This is the crux of the problem, yes. You cannot prove to anyone that a piece of code is secure. You can only create degrees of likelihood. Even a formal proof of correctness is still only a high likelihood of security since the proofing engine could have a bug, or the underlying VM might have a bug, or the setup of the proof could be incorrect as some things are hard to fully specify into a formal logic framework. The core of the problem is that we’re human, and we make mistakes and do irrational things sometimes. I don’t think any tool or compiler can ever fix this. I hope we all agree on this.
To me, the only way to build security is through layering. Yes, one proofing engine could be wrong, but several tools and reviews together can build a robust underpinning for security. It requires a lot of effort, but there’s reward of a very low likelihood of an exploit occurring. At the end of the day, the only true test of security is simply exposure to a caustic environment. The longer it goes without a exploit against an incentive to attack it, the less likely it is to have an exploit to attack. At the very least, most of the layers are holding up.
Layered security is a process. Without developing that process, you risk making mistakes that can prove fatal because your playing with highly valued assets with no room for error. Being unaware that you need to develop a process is the number one problem with newcomers to this space. They come in with bright ideas of how to change the world and don’t take it seriously just how hard we tell them it is. They learn the hard way that they need to develop a process, and sometimes that comes too late. The “hard knocks” school of learning is cruel and ultimately unnecessary, I would rather try to distill our collective guidance for reference so we can build a culture of learning from previous mistakes. Tools, languages and frameworks can help, but the real solution is developing a security mindset through process and understanding. We need to show them how to be like us.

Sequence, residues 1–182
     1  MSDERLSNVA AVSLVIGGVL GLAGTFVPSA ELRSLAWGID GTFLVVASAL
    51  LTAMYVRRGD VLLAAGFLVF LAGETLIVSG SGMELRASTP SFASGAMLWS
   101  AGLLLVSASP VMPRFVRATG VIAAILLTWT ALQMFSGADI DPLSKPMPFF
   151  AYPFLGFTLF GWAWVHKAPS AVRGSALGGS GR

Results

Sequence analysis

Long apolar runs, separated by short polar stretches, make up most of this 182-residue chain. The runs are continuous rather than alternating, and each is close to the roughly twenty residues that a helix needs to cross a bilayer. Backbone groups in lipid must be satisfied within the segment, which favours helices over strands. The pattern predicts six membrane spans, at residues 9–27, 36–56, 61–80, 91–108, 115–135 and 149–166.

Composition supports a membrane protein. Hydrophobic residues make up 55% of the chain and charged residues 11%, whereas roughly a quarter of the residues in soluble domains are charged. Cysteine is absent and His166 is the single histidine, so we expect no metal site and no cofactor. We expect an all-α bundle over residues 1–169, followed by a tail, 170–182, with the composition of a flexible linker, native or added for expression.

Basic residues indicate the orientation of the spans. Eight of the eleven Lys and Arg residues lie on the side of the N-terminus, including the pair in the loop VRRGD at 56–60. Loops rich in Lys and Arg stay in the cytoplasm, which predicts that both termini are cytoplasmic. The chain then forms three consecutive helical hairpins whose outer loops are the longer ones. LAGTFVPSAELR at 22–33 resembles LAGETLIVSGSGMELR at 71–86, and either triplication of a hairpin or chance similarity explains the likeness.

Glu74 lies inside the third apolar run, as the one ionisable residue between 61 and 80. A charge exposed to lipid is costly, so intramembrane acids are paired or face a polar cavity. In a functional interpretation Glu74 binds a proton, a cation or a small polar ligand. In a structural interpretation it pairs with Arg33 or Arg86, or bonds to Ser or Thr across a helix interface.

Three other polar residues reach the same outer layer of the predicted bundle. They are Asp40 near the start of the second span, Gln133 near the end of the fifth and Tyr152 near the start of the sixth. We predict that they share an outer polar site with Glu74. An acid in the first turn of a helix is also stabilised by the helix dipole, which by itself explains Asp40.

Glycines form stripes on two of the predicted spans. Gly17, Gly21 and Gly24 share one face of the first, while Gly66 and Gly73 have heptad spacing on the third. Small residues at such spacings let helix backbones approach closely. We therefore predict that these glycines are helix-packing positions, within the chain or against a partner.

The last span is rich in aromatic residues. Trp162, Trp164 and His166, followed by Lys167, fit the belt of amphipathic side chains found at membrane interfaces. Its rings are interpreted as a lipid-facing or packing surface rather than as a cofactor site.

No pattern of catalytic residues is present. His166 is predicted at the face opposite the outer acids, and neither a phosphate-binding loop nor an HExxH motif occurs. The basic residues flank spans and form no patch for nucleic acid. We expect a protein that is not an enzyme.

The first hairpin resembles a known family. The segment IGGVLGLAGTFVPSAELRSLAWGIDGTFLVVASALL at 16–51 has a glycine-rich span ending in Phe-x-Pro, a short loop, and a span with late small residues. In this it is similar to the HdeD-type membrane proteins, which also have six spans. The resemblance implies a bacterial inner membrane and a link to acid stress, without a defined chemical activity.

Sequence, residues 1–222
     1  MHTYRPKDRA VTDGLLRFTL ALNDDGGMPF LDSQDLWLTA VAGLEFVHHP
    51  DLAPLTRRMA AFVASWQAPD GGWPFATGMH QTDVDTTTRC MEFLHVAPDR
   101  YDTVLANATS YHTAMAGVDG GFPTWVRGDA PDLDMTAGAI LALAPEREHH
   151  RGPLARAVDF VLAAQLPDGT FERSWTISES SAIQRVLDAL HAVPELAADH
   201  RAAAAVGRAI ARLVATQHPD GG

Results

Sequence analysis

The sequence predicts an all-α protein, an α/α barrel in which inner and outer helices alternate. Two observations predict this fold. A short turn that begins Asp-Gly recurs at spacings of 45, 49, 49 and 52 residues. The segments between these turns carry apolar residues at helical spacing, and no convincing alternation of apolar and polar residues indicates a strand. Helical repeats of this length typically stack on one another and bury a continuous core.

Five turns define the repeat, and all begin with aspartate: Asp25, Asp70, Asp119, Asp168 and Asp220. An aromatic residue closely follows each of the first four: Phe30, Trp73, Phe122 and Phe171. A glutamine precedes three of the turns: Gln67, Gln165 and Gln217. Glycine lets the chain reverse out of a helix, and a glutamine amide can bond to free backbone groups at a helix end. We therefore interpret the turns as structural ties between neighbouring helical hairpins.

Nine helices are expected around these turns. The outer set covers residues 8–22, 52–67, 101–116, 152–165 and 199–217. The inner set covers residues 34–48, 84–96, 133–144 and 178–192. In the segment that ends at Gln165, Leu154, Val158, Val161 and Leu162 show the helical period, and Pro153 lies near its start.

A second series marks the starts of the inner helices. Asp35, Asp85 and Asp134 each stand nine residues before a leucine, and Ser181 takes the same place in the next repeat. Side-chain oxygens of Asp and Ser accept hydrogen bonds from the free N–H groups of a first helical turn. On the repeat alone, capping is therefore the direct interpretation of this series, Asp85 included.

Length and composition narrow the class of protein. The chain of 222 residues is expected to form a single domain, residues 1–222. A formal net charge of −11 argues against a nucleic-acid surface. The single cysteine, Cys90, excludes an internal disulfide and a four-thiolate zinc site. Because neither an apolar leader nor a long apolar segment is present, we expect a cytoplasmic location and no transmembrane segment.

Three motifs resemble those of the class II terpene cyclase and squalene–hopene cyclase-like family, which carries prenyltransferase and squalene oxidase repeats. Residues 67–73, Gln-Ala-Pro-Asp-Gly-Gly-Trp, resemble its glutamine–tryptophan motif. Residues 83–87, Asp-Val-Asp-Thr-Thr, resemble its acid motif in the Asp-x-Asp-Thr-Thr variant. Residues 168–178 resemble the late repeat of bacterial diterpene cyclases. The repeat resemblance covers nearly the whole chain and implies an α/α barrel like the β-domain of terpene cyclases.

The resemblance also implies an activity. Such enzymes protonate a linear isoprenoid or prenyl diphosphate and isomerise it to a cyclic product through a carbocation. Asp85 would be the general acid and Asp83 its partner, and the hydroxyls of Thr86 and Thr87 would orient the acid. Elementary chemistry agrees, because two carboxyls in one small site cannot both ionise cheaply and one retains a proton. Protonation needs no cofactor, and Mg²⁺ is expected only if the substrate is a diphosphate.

I agree. The average person has no idea on what they’re looking at, and would prefer to delegate that to some sort of trusted logo or green checkmark, or at the very least a grading system that contextualizes the risk into digestible rankings. We can build a system like that together if we choose to. That requires having all of the information available in a reasonably standard format where we can at least argue effectively about placing that logo or giving a set of software a certain grade. It also needs to be based in a provable reality, so it doesn’t end up being used as snake oil as you mention. A system where the developer places a bet on a certain grading, inviting others to disprove that grading based on logic might be a plan for doing this.
The other option is keeping it all private, forcing the developer to build trust through usage. This information asymmetry ensures exploits are harder to find, but then users have the same problem and can easily fall prey to scams as well.
This is a great way to accomplish this. What would that money be used for? Insurance for users is one option, “at the very least I’ll get some of my money back”. A public bug bounty is another, encouraging white hat reporting over private channels instead of exploitation. We can build a few of these systems for others to use in their quest to ensure post-deployment safety nets. They require some transparency however to be effective.